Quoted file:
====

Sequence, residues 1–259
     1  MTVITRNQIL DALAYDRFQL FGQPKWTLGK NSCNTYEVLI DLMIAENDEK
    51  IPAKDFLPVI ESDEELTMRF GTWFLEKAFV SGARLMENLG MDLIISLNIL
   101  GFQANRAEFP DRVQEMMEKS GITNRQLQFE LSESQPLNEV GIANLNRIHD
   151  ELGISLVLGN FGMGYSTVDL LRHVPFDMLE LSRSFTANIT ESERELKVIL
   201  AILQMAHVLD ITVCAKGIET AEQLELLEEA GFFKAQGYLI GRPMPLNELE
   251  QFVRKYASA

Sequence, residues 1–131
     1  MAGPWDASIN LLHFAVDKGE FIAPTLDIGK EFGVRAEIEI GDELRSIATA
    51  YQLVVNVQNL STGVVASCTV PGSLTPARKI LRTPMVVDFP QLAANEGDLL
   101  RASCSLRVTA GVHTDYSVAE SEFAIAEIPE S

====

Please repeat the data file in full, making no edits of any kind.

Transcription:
Sequence, residues 1–259
     1  MTVITRNQIL DALAYDRFQL FGQPKWTLGK NSCNTYEVLI DLMIAENDEK
    51  IPAKDFLPVI ESDEELTMRF GTWFLEKAFV SGARLMENLG MDLIISLNIL
   101  GFQANRAEFP DRVQEMMEKS GITNRQLQFE LSESQPLNEV GIANLNRIHD
   151  ELGISLVLGN FGMGYSTVDL LRHVPFDMLE LSRSFTANIT ESERELKVIL
   201  AILQMAHVLD ITVCAKGIET AEQLELLEEA GFFKAQGYLI GRPMPLNELE
   251  QFVRKYASA

Sequence, residues 1–131
     1  MAGPWDASIN LLHFAVDKGE FIAPTLDIGK EFGVRAEIEI GDELRSIATA
    51  YQLVVNVQNL STGVVASCTV PGSLTPARKI LRTPMVVDFP QLAANEGDLL
   101  RASCSLRVTA GVHTDYSVAE SEFAIAEIPE S